Today we honor Fannie Lou Hamer, who was a seminal figure in the fight for African American voting rights and political power in the 1960's. Hamer "was a civil rights activist whose passionate depiction of her own suffering in a racist society helped focus attention on the plight of African-Americans throughout the South."
"Born Fannie Lou Townsend on October 6, 1917, in Montgomery County, Mississippi. The daughter of sharecroppers, Hamer began working the fields at an early age. Her family struggled financially, and often went hungry...Married to Perry 'Pap' Hamer in 1944, Fannie Lou continued to work hard just to get by. In the summer of 1962, however, she made a life-changing decision to attend a protest meeting. She met civil rights activists there who were there to encourage African Americans to register to vote. Hamer became active in helping with the voter registration efforts."
"In 1964, working with the Student Non-Violent Coordinating Committee (SNCC), Hamer helped organize the 1964 Freedom Summer African-American voter registration drive in her native [home,] Mississippi. At the Democratic National Convention later that year, she was part of the Mississippi Freedom Democratic Party, an integrated group of activists who openly challenged the legality of Mississippi’s all-white, segregated delegation....She brought the civil rights struggle in Mississippi to the attention of the entire nation during a televised session at the convention. The next year, Hamer ran for Congress in Mississippi, but she was unsuccessful in her bid. Along with her political activism, Hamer worked to help the poor and families in need in her Mississippi community."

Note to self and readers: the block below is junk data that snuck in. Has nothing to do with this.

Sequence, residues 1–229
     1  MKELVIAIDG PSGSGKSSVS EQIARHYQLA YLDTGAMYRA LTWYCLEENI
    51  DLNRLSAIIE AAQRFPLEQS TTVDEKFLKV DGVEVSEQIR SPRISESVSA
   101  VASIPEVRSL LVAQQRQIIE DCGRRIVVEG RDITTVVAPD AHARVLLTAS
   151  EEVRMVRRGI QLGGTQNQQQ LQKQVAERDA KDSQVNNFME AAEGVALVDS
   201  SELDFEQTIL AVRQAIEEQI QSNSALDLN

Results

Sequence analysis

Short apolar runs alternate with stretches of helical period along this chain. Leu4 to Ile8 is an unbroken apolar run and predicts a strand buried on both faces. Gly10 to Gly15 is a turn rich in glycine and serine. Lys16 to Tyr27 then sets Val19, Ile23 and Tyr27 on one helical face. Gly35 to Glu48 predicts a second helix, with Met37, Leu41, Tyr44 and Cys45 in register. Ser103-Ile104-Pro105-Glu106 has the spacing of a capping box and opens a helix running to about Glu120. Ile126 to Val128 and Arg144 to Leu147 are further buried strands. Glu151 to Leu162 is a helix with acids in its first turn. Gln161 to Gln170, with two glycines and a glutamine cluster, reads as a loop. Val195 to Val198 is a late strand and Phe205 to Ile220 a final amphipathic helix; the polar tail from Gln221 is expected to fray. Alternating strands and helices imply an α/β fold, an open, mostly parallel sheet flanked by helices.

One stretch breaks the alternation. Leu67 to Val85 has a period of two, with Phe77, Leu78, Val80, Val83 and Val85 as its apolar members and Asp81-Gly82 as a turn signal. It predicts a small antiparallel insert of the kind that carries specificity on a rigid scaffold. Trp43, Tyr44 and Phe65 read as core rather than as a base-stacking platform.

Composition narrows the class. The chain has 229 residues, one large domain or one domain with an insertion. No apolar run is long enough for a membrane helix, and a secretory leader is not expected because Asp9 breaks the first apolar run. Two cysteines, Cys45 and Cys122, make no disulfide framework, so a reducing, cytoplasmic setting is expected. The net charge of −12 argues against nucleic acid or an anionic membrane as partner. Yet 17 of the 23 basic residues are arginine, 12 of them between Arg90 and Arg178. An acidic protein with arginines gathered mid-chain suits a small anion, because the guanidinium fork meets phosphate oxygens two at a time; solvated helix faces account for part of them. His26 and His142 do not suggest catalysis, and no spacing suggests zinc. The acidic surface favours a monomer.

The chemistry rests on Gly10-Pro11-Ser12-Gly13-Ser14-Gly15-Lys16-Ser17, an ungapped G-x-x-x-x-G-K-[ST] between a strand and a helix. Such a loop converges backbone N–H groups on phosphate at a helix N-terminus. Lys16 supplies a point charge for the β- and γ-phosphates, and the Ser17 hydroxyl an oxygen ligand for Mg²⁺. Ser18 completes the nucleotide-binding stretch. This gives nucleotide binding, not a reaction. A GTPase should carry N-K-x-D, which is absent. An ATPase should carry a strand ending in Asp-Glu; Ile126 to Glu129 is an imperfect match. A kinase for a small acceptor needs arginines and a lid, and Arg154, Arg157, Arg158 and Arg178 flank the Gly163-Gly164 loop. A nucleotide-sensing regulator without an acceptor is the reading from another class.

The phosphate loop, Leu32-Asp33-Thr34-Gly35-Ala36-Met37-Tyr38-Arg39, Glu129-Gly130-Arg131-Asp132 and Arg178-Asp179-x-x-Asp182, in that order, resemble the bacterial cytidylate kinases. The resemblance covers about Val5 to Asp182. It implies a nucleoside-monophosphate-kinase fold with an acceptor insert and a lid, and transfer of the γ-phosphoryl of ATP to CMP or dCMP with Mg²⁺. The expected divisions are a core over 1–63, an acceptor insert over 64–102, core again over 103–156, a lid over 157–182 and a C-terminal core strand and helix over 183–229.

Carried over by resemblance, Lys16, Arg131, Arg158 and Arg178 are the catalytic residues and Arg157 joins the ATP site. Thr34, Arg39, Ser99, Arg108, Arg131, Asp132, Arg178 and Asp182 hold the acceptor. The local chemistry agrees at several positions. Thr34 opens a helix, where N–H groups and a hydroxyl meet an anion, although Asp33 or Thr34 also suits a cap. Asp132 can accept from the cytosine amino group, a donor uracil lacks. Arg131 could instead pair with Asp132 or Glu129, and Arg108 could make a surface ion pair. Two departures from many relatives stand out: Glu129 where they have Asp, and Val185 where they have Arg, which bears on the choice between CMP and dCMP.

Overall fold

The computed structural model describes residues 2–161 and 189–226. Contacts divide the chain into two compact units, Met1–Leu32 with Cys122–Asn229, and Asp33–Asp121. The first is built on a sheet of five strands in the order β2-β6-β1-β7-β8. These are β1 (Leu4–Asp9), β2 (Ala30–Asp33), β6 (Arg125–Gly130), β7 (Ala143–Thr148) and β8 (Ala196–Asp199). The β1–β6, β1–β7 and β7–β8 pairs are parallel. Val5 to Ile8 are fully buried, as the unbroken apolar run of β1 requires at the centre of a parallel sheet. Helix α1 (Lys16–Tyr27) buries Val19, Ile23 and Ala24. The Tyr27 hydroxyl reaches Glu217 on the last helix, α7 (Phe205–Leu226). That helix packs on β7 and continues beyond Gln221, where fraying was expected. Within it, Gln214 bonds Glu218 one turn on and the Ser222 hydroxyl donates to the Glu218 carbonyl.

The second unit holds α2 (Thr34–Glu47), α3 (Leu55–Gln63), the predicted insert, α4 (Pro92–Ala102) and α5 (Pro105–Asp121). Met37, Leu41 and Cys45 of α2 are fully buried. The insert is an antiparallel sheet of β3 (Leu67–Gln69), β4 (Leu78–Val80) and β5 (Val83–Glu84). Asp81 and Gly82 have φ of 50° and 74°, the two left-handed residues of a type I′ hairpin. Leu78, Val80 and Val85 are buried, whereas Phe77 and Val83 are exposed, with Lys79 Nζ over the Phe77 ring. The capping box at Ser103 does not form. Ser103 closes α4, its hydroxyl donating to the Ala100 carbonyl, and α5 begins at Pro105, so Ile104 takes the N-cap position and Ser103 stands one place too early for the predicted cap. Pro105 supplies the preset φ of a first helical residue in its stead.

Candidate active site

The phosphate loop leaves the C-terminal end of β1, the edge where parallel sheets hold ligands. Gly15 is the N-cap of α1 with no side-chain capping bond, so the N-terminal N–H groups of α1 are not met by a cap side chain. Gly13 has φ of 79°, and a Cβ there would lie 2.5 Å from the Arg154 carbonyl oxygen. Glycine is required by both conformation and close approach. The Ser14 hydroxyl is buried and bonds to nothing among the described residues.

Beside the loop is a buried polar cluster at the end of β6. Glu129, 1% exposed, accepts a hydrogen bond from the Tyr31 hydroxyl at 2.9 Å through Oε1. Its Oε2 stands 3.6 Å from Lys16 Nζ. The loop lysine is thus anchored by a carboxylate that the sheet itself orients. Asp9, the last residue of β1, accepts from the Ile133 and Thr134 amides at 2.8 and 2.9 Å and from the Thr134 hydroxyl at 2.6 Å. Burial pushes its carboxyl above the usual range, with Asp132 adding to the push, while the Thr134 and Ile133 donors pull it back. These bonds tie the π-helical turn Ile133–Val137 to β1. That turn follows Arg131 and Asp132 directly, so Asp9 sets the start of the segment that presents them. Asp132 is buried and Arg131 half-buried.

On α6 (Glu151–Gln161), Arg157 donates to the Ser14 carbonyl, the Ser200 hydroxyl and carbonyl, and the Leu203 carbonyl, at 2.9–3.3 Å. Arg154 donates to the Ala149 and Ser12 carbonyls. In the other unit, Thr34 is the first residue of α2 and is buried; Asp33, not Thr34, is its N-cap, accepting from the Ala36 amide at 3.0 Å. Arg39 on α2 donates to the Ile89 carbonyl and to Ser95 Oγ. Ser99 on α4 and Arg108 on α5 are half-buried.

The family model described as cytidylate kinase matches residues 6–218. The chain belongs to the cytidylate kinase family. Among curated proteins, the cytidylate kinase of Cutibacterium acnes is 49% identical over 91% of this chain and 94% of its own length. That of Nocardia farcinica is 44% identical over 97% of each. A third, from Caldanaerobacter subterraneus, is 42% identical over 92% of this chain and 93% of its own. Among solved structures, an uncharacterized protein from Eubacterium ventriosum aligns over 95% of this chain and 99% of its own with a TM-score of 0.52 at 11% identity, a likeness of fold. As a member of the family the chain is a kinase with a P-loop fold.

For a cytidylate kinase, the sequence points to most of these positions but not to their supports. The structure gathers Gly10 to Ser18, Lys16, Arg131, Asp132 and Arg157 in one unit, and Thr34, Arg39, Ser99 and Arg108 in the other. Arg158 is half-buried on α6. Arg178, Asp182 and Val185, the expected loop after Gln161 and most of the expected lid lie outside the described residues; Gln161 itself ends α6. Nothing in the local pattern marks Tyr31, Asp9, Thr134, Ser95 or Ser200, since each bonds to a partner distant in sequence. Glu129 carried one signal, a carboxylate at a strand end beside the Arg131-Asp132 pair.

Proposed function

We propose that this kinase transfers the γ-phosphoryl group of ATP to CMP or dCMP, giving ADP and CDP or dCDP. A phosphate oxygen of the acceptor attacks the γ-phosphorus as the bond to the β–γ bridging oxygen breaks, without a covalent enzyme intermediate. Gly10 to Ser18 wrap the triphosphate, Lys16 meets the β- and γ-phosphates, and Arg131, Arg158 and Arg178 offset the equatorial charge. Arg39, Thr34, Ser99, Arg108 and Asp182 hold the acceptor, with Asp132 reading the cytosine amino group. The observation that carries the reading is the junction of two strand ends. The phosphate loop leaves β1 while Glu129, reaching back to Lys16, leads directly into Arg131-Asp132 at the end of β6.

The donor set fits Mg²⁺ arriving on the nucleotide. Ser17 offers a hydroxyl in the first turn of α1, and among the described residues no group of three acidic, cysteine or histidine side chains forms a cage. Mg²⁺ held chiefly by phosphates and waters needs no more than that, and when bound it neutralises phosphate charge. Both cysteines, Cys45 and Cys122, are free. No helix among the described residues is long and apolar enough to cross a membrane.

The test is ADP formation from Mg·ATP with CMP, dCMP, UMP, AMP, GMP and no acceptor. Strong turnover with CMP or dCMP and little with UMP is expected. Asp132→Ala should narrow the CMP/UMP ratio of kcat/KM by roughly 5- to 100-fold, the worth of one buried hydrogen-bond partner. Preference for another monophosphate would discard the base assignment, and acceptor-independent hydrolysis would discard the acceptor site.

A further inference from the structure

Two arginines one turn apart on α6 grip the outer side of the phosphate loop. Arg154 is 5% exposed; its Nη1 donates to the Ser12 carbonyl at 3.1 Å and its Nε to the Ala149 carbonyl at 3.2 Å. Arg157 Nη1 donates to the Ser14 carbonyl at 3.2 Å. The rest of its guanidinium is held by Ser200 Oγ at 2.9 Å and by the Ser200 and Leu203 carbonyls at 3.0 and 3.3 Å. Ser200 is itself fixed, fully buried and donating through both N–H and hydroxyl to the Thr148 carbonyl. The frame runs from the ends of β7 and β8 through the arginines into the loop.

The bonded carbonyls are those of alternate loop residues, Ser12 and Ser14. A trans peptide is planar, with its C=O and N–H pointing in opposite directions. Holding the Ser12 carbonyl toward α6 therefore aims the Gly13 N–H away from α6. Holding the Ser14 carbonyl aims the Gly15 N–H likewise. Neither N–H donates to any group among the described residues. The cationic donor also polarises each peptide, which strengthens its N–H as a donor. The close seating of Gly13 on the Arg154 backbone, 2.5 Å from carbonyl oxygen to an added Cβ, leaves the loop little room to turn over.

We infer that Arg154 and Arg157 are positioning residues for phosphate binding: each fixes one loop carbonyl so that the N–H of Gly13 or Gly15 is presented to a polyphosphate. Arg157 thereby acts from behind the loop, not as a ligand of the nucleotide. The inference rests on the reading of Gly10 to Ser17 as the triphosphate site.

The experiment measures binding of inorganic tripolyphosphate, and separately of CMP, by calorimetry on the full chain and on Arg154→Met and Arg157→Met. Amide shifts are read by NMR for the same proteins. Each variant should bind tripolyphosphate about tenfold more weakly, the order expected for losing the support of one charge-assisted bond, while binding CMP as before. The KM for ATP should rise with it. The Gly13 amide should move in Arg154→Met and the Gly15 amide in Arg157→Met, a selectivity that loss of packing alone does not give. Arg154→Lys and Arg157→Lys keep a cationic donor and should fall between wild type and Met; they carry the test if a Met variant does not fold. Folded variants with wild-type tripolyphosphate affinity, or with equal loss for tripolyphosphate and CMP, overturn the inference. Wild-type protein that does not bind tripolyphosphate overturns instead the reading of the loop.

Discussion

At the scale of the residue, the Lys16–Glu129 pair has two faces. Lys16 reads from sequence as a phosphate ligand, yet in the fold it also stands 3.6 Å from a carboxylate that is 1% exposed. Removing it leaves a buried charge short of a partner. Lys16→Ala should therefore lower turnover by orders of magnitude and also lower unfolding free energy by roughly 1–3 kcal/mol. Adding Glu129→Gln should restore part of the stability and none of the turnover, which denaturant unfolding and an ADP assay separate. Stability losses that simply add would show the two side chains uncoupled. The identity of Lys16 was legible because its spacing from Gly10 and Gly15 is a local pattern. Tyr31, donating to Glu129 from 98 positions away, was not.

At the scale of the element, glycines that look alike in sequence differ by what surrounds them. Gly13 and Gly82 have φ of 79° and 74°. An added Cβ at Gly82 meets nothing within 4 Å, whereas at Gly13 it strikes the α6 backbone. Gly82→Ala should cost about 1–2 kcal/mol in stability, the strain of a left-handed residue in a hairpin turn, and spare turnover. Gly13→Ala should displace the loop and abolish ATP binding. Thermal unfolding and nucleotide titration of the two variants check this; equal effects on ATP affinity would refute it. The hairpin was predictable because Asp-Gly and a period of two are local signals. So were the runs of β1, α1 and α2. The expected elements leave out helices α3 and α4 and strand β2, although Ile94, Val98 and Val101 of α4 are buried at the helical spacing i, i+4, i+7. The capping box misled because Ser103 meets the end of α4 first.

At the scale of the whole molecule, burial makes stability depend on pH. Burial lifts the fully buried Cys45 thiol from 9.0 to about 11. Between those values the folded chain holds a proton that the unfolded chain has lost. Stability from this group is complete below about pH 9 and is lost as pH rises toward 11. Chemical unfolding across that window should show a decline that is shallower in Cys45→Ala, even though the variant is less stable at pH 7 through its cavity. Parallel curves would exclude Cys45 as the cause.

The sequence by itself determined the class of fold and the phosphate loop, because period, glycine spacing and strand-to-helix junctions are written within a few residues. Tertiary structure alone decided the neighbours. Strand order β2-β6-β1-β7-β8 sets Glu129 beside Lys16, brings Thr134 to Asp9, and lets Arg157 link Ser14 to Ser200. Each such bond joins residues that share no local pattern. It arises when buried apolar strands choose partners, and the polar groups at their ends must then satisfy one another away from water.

"She also set up organizations to increase business opportunities for minorities and to provide childcare and other family services. Hamer died of cancer on March 14, 1977, in Mound Bayou, Mississippi." "During the course of her activist career, Hamer was threatened, arrested, beaten, and shot at. But none of these things ever deterred her from her work." Although Fannie Lou Hamer came from a poor background and wasn't highly educated, she was a fierce advocate who was able to galvanize, mobilize, and inspire a movement.